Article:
Twenty families in Barrouallie will join the scores in other parts of St. Vincent and the Grenadines who are benefiting from Richmond Vale Academy’s (RVA) award-winning ecological farming in model gardens.

The Canada Fund for Local Initiatives have given support to RVA to help 20 Barrouallie families establish its Pass-it-On Sustainable Model Gardens

The funding will support the continuation of efforts with 50 families in North Leeward who have these home gardens.

Six of the 20 gardens in Barrouallie are nearly ready for start-up and families are excited to learn and farm without imported fossil fuel based chemicals that damage the soil directly and affects rivers and reefs through runoff.

The gardens, which are individually designed depending on the size and gradient of the land, often benefit from micro-climate created by the supporting vegetation.

They often include a seed nursery table, chicken coup and use rainwater for irrigation.

The Pass-it-On Sustainable Model Gardens teaches farmers to reduce soil erosion, with raised beds are constructed along contours on the hillside and supported by gliricidia tree logs or bamboo.

Organic matter, including a lot of banana trunks, is often used to build up the level of the soil in these raised beds and provide a fertile medium for growing vegetables.

In some instances, vertical structures with mesh are provided for climbing crops and the necessary galvanised bins for compost and some farms have a chicken coup.

When these 20 gardens are completed in April, it will bring to 85, the number of gardens that RVA, with the support of multiple partners, has helped farmers in Fitz Hughes, Chateaubelair, Rose Bank, Troumaca, Rose Hall, Barrouallie and Fancy to establish.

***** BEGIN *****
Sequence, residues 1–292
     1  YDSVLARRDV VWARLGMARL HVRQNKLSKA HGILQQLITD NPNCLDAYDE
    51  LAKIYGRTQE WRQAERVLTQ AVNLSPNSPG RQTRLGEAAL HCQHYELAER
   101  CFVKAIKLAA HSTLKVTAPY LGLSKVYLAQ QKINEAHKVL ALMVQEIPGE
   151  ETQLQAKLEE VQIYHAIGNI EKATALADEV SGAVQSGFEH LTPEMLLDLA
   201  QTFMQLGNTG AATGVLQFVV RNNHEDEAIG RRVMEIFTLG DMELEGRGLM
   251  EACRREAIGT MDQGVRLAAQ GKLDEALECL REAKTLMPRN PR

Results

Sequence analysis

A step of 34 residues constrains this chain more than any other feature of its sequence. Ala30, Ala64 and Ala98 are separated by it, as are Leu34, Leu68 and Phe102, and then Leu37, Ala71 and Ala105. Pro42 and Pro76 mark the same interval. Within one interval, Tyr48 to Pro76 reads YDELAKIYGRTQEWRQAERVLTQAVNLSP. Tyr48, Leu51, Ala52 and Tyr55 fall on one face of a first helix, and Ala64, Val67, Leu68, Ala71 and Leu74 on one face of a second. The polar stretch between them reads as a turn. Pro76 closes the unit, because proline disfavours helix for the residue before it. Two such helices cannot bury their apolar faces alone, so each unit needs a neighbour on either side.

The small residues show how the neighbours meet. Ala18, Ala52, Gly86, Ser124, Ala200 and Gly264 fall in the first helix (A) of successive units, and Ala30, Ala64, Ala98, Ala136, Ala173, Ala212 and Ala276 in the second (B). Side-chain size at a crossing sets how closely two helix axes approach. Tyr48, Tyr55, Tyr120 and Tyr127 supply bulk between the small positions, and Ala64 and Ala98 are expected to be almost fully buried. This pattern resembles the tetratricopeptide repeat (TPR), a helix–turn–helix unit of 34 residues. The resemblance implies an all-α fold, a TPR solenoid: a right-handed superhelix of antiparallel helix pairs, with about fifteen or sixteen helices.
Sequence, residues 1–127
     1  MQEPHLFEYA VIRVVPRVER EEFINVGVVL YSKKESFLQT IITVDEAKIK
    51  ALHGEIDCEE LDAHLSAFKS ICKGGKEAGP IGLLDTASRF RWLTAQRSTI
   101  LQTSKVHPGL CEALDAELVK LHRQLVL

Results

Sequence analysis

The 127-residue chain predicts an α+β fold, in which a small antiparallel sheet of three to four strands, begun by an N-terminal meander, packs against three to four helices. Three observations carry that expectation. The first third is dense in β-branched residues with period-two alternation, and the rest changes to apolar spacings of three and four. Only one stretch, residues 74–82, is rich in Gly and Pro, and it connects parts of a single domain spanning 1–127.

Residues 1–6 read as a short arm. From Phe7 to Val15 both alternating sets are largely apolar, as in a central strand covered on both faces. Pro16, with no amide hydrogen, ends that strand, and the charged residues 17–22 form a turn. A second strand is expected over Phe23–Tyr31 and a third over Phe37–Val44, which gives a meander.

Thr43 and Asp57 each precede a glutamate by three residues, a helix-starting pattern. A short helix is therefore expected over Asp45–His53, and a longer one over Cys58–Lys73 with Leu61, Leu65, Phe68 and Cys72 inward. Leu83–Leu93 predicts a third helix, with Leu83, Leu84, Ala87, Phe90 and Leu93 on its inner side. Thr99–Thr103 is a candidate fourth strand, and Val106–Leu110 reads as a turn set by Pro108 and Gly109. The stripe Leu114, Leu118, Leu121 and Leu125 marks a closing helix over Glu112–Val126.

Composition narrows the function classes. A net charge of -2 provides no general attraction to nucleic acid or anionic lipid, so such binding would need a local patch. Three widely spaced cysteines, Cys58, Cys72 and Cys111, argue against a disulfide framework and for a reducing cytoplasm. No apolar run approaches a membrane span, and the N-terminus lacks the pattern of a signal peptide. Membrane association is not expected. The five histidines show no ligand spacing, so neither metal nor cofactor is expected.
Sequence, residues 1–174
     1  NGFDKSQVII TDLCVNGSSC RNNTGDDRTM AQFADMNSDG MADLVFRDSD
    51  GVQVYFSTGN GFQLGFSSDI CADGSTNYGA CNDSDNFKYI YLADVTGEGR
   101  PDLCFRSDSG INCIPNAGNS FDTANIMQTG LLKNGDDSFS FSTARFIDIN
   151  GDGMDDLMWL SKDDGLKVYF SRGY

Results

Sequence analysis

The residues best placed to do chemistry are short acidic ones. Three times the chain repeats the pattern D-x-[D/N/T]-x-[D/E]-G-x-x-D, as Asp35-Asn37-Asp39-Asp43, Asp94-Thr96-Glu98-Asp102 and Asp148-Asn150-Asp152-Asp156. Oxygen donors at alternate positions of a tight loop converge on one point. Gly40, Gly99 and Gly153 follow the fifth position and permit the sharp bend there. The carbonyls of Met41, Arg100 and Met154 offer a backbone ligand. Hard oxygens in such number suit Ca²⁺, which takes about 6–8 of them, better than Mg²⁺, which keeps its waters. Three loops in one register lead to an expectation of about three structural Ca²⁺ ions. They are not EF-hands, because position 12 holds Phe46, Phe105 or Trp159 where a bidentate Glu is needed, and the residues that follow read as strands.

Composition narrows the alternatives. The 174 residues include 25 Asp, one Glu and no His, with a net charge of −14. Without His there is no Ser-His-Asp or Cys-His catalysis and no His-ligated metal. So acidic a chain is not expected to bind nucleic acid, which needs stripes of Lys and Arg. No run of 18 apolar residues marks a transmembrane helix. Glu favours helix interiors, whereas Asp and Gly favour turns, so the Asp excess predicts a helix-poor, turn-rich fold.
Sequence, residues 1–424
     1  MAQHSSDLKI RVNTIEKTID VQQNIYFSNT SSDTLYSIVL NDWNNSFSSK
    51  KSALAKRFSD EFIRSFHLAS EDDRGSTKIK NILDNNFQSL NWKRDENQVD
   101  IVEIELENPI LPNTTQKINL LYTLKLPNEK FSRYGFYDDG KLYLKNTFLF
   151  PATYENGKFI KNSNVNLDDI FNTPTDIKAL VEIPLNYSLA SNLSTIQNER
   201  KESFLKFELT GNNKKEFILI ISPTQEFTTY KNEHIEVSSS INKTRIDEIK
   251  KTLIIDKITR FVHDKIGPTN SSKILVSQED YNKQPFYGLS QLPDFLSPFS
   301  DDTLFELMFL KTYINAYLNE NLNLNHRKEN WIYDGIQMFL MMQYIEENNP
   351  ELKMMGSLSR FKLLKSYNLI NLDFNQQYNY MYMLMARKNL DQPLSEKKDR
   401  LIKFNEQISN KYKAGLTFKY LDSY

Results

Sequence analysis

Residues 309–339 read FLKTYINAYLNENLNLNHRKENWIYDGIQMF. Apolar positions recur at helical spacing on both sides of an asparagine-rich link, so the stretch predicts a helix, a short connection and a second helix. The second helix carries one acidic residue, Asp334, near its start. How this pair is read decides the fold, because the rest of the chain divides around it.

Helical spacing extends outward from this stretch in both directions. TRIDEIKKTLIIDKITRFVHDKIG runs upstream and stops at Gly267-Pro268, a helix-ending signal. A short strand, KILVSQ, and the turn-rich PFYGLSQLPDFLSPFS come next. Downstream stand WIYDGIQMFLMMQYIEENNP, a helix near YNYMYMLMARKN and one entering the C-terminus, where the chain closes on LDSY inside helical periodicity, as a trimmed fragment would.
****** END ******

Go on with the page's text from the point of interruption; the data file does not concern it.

RVA will take the technique to Layou, Buccament Bay, Vermont, and Sandy Bay before the end of this year and is hoping that a farmer will be sowing seeds in the 100th garden by the middle of the year.

Under its “St. Vincent Climate Compliance Conference 2012-2021”, RVA is hoping that 200 home gardens will be established by the end of 2021.

“We are so impressed with people’s effort and welcoming ways to people from different corners of SVG and the world who team up and make the gardens happen step by step,” said Stina Herberg, director of RVA.

This year RVA will host 50 volunteers from St. Vincent and around the world contributing to a more sustainable SVG.

“Young people from around the world are waking up to make a difference, they stand up and protect the environment,” Herberg said, adding that RVA offers a possibility for people to get involved.

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